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Factory2Fit Spotlight Feature – Research Assistant Kostas Apostolakis

Factory2Fit Spotlight Feature

Research Assistant Kostas Apostolakis

Centre for Research and Technology Hellas (CERTH)

This week we spoke to Kostas Apostolakis, Research Assistant from the Centre for Research and Technology Hellas (CERTH), about his role in Factory2Fit and his views on the project.

Hi Kostas. Thanks for talking to us today. First, could you start by describing your typical working day?

I work as a developer in CERTH, based in Thessaloniki, Greece. My work complements the work of the researchers, as I provide them with the appropriate code and software components.

I start my day by checking my emails, as it is the quickest way for me to create a list of action points for the rest of the day, or the entire week. And I work my way through these action points. My working day involves some meetings with my colleagues and supervisors.

What do you like most about the role? 

I enjoy the opportunity to stay up-to-date with current state-of-the-art and to work on things that are being published and researched on. Most of all I enjoy being able to work with incredibly talented people. People that work extremely hard and are experts in their domains. I see it as an opportunity for me to learn from them and take in as much as I can.

How do your professional interests match the objectives of Factory2Fit?

Independently, I work a lot as a game developer, and here in CERTH I focus on developing games for different European research projects.

As for Factory2Fit, we mainly contribute to the project in the fields of virtual and augmented reality and gamification. One of the goals of the project is to increase the attractiveness of the factory as a place of employment and a working environment.

The aim is to reach that goal through technologies like adaptation, gamification and virtual and augmented reality solutions. The actual outcome is that the more a job will act like a game (with goals, real-time feedback and opportunities to learn and master skills), the more it will increase its appeal to people.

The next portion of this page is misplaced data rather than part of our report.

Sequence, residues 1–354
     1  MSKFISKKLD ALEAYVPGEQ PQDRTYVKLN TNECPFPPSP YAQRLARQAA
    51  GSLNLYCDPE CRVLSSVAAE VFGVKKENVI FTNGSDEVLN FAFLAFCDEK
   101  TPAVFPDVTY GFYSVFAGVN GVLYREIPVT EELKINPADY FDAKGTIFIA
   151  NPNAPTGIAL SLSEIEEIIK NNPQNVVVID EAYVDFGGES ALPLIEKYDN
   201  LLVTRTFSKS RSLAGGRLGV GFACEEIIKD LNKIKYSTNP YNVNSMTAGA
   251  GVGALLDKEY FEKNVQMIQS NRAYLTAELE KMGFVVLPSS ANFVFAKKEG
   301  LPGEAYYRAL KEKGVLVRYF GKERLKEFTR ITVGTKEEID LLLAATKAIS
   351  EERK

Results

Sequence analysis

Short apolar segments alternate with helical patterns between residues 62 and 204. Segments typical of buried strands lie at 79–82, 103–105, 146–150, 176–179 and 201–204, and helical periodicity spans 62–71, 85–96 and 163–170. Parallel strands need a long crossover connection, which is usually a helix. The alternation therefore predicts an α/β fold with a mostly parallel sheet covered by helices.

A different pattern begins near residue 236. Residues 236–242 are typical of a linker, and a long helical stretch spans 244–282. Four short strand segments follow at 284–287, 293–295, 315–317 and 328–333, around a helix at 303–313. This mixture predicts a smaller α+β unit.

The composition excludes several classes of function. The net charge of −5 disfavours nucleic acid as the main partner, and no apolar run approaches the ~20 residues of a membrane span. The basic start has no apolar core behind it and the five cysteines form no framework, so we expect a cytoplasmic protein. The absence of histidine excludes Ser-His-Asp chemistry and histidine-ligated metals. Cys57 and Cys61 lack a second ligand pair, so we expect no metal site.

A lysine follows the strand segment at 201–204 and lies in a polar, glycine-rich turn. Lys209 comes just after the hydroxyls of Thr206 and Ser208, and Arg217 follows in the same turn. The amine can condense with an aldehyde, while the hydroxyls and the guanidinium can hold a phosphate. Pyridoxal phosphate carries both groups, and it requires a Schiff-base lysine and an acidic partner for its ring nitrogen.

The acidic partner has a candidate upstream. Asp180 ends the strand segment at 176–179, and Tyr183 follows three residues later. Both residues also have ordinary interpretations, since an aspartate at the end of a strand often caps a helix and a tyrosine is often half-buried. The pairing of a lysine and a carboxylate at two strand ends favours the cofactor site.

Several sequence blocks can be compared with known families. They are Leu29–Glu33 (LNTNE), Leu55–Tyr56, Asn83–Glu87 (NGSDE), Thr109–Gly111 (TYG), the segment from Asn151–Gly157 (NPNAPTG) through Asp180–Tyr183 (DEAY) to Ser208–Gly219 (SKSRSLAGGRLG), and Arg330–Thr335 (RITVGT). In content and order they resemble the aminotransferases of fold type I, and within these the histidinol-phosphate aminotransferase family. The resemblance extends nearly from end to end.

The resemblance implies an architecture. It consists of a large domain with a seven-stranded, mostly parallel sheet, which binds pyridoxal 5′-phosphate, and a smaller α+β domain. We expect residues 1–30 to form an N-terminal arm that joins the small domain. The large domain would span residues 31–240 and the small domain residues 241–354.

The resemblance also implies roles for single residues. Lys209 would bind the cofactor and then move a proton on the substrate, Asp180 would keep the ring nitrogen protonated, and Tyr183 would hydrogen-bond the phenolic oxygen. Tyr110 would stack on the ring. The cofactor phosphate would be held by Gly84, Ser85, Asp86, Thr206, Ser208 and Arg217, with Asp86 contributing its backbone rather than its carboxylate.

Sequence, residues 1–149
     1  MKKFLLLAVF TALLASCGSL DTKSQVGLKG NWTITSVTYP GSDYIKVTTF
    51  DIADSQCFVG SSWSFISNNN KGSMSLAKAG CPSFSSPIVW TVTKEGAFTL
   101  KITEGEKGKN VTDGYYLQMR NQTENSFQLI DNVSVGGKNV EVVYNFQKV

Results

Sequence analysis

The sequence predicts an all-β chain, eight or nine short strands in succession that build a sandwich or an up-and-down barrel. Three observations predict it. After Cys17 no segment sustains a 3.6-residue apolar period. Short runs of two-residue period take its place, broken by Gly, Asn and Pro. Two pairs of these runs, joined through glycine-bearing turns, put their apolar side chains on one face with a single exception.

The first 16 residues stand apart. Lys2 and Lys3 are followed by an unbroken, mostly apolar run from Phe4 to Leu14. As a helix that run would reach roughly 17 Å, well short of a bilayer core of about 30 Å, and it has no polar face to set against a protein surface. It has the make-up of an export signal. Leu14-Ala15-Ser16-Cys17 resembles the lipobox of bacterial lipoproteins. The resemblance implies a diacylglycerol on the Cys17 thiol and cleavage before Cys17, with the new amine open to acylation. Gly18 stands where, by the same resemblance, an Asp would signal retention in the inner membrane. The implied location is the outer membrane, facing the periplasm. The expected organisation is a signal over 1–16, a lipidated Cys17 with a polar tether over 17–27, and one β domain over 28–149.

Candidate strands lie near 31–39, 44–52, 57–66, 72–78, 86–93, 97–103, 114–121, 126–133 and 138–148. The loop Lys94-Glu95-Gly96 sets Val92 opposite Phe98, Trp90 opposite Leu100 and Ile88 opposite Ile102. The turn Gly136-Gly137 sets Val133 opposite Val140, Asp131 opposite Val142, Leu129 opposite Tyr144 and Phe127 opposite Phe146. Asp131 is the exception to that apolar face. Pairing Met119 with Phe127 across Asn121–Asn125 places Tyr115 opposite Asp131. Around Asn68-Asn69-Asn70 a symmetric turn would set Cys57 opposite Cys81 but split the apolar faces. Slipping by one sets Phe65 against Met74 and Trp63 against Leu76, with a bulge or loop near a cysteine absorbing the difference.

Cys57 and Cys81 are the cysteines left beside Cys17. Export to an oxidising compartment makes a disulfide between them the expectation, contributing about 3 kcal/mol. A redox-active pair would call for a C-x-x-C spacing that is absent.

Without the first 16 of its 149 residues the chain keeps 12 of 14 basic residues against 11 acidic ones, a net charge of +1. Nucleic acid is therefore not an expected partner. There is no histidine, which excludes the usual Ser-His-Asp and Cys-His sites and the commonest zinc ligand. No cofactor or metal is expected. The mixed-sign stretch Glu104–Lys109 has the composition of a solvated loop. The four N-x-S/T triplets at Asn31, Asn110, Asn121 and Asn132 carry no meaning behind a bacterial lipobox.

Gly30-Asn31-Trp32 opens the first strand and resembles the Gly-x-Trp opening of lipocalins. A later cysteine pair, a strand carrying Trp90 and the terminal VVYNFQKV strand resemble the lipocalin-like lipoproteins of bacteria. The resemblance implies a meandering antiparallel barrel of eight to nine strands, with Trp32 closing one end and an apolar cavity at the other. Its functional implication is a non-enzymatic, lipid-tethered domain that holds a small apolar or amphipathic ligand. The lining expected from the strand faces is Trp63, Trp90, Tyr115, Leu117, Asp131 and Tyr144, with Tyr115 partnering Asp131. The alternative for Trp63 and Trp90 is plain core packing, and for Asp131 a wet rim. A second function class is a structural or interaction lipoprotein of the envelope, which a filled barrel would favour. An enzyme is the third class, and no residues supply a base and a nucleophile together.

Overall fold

So as a game developer, I see this as an exciting opportunity to bring technology that is traditionally associated with the gaming industry into a new and different environment.

What is unique about Factory2Fit in your opinion?

One of the key points I find new and exciting is how Factory2Fit places the worker’s needs and wellbeing at the centre of the project. Essentially, Factory2Fit is about catering to the needs of the workers. It’s about increasing their satisfaction and helping them to learn to design their own training, which in turn will help workers become more productive and increase satisfaction, as well as the adaptation of workplaces. And I find this the major contribution of the project.

What does Factory2Fit have in common with other EU-funded research projects?

The project could collaborate with several other projects that are already running. There are many opportunities in which we have already identified cooperating fields. So Factory2Fit could build on other projects that have worked in Virtual Reality and Augmented Reality, in training solutions, knowledge sharing, user experience frameworks, reconfigurable manufacturing systems, but first and foremost it is responsible research and innovation that is in common.

Has anything surprised you in the first months of the project?

It’s still pretty early in the project to be surprised. However, I am really impressed by the high level of coordination and communication between the project partners.

Partners are very well coordinated. There are lots of teleconferences. There is a flexible document sharing platform, which makes it easier to follow very well-laid plans for deliverable submission. And this is good because it shows partners’ dedication to fulfilling the Factory2Fit goals.

What do you see as the biggest challenge for Factory2Fit?

The biggest challenge is to actually deliver on Factory2Fit’s vision and goals. The main goal of this project is to have a difference in factory workers’ everyday lives, to help them improve, be more productive and enjoy themselves more.

Through the use cases we have planned in the project, it’s challenging for us to be able to tell that we have achieved this –to show that the technologies we are building are having an impact on people’s lives.

Describe the coordination between CERTH and the other partners? Do you build on each other’s expertise?

As leaders of Work Package 3 (‘Methods and tools for continuous adaptation of the manufacturing process’) we are working closely with all partners involved in the tasks of this work package – Amorph Systems, Continental, Prima Power, TUC, UTRC-I, and Visual Components.

There is a very high level of communication between partners. And all bottom-up ideas are introduced in teleconferences in a timely fashion. This means that presenters can get rapid feedback and discuss details with other partners, which keep ideas flowing and fresh. This also leads to a better understanding and, therefore, more concrete development.

Are there three key words that come to mind when describing the overall impact of Factory2Fit?

The first word I would choose is ‘Adaptability’: the design of the participatory work design tools and how we aim to increase the number of workers that are fit for automation work.

Next I would choose ‘Satisfaction’: empowering workers to learn to develop their own skills, and also achieving increased engagement and more attractive workplaces.

And thirdly, ‘Performance’: fitting the work to the workers’ individual skills, capabilities and preferences. This will, in turn, lead to increased quality and productivity, as well as efficient human-automation cooperation.

Thank you Kostas. We look forward to more insights further into the project.

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